I come under fire for the first time today. I was up at 7022 Picquet which has been shot up before, and on which my platoon was shot up when I was in Nowshera. Well, Barlow’s platoon relieves me about 12 o’clock so that I can get lunch at Company HQ. I cover his platoon off with two rifle sections lining the nullah bank and the V.B. on Gaj Ridge. They start to move off the top, and his V.B. number stands up to prepare to move from his sangar, on the forward slope of the hill. About eight shots come over him, apparently from the usual place, the graveyard – about 1300 yards from Gaj Ridge. Well they all get down again, and eventually withdraw two or three at a time, without loss. The M.G.s open up and the artillery, and my two rifle sections. During spasmodic shooting three or four shots whistle over my head on Gaj and I quickly get down behind the V.B.’s sangar. One hits the bank in front of me, and another by the signaller behind me.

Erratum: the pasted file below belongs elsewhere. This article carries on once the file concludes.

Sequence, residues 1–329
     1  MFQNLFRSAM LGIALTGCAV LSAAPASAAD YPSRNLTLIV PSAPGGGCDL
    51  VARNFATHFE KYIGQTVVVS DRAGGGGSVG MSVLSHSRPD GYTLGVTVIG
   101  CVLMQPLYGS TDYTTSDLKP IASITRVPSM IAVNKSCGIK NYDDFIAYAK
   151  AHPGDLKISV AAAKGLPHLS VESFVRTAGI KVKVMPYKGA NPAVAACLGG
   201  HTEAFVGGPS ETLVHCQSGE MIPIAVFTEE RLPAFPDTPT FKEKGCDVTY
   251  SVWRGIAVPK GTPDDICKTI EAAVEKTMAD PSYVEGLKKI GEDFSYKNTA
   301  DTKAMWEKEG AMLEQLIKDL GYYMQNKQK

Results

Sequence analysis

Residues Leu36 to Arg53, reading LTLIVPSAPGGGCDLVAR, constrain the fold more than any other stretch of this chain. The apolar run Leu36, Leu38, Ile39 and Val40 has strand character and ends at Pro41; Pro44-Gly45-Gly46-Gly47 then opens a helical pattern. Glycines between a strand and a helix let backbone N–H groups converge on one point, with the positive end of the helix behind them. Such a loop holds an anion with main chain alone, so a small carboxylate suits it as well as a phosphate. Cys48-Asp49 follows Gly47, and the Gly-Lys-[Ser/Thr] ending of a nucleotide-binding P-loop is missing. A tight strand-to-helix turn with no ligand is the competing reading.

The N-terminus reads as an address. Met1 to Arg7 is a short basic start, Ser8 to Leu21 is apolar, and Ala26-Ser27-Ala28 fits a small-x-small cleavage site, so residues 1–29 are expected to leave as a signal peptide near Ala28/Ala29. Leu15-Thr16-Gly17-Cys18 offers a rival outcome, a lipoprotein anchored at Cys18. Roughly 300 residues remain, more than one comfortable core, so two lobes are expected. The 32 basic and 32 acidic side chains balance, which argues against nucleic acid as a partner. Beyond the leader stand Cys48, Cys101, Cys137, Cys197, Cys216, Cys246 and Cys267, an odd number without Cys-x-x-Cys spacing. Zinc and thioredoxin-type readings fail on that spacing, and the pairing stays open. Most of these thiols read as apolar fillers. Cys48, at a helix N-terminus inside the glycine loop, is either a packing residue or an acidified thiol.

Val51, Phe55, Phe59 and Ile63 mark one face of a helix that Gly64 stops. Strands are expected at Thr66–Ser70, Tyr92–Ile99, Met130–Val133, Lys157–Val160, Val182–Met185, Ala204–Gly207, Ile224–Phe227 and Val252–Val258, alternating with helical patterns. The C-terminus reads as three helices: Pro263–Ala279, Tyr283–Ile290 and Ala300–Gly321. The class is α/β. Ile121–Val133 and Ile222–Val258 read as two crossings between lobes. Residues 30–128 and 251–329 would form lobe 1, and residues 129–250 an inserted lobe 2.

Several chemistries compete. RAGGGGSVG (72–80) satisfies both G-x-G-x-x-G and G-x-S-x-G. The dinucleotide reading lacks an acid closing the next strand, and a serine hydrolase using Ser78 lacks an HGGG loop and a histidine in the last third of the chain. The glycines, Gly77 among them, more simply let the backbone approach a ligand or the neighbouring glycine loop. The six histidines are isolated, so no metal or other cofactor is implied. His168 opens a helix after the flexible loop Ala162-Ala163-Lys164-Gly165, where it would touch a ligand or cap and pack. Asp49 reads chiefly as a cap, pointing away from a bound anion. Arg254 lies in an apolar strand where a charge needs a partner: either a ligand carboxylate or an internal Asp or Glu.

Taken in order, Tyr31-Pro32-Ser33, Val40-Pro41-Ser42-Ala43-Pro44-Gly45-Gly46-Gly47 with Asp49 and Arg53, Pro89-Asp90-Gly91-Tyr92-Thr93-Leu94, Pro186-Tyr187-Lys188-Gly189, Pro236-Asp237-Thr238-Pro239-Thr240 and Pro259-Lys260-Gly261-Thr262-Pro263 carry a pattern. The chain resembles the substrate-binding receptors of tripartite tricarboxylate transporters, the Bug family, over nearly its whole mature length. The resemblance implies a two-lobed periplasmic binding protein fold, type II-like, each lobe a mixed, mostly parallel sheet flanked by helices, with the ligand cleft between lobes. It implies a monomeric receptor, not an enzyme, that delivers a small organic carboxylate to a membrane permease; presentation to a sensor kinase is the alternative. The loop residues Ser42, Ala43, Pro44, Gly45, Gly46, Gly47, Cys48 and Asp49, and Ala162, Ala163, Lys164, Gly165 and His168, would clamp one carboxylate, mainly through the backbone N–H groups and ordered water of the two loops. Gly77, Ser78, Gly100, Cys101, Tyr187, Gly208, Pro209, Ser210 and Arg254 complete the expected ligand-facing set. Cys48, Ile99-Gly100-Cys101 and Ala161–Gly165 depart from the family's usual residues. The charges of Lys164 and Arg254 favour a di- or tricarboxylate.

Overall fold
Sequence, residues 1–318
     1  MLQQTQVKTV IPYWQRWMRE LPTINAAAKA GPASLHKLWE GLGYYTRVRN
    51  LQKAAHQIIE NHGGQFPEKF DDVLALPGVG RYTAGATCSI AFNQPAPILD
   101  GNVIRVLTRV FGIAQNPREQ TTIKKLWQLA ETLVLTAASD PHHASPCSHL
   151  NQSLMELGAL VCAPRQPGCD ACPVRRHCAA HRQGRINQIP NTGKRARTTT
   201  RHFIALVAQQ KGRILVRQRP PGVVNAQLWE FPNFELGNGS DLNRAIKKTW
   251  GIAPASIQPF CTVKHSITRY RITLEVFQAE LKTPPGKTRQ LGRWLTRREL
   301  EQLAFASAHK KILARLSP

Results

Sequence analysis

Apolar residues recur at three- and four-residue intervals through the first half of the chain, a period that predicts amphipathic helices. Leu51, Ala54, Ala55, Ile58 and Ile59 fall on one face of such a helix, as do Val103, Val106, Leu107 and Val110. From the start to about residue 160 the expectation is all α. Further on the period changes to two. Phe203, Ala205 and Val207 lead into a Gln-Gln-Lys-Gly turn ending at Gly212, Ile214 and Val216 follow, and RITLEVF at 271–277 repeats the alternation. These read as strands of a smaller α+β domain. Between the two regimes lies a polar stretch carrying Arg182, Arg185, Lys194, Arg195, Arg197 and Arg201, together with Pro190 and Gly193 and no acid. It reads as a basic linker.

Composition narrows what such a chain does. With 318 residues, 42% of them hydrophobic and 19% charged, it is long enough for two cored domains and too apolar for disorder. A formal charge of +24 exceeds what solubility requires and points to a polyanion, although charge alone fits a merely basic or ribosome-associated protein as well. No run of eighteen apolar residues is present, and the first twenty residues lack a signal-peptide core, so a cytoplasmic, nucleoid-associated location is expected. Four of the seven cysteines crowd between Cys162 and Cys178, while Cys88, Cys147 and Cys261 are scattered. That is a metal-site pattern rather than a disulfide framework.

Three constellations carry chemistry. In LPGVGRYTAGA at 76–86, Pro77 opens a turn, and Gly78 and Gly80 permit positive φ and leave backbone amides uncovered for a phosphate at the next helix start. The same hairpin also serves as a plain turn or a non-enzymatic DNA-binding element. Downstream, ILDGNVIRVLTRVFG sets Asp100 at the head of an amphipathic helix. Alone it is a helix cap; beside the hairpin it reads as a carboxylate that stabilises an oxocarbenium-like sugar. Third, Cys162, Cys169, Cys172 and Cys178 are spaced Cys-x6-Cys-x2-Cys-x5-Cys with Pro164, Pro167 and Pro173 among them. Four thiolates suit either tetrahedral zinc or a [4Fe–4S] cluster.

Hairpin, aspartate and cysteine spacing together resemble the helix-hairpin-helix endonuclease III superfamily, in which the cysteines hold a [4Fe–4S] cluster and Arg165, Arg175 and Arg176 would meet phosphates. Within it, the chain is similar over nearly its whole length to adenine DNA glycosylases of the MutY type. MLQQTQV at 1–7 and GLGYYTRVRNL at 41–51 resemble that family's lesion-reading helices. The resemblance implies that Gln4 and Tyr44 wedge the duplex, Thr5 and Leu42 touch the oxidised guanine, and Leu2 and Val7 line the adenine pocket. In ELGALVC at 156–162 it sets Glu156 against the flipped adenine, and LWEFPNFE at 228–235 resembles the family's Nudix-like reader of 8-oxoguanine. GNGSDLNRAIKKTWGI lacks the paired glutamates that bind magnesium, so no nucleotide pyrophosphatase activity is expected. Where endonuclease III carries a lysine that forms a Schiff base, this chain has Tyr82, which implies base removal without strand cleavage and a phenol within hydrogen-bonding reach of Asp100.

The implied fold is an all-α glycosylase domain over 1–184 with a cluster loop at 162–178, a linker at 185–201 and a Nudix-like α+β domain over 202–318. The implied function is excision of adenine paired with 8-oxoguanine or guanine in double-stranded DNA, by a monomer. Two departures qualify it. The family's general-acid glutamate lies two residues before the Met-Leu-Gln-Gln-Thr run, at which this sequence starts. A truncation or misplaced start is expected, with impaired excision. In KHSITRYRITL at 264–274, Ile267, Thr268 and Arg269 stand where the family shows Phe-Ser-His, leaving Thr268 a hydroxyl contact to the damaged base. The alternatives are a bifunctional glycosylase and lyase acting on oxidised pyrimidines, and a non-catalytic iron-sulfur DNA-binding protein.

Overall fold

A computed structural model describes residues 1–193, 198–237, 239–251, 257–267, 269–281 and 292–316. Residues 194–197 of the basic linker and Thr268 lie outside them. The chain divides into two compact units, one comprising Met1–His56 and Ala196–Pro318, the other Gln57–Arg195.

The R.U.R. (Royal Ulster Regiment) relieved us at Razani and we marched up without incident, although one of my chaplies was nearly sucked off in the wind on Greenwood’s Corner short cut. The R.U.R. have a wonderful reputation for letting off their rifles. They shoot up anyone who is not wearing a topee or a ghurka hat. The scouts refused to operate unless given shorts to distinguish them. They shot up the Bombay Grenadiers, who were not having any and replied.
Met Fregard, one of their Ulia’s for the Garhwal Rifles. The Shaktu incident was apparently as follows. The P.A. promised a safe conduct to the tribesmen in the cave. They came out and were hustled by the bayonets of the Dogras. Then, thinking that they were to die anyway, they turned on the Dogras, including the C.O., and were all slaughtered. The P.A. had to be hustled out of Waziristan and down to the Plains. Bad luck for him, but his life would have been in danger any longer up here.